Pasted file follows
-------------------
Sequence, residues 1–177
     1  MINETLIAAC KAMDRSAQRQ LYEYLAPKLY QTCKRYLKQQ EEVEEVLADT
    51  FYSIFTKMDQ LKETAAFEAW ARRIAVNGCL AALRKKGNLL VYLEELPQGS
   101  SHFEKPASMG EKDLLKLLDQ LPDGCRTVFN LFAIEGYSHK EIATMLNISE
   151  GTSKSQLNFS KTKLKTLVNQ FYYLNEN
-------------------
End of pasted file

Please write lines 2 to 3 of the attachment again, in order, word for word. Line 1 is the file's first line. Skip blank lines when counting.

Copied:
     1  MINETLIAAC KAMDRSAQRQ LYEYLAPKLY QTCKRYLKQQ EEVEEVLADT
    51  FYSIFTKMDQ LKETAAFEAW ARRIAVNGCL AALRKKGNLL VYLEELPQGS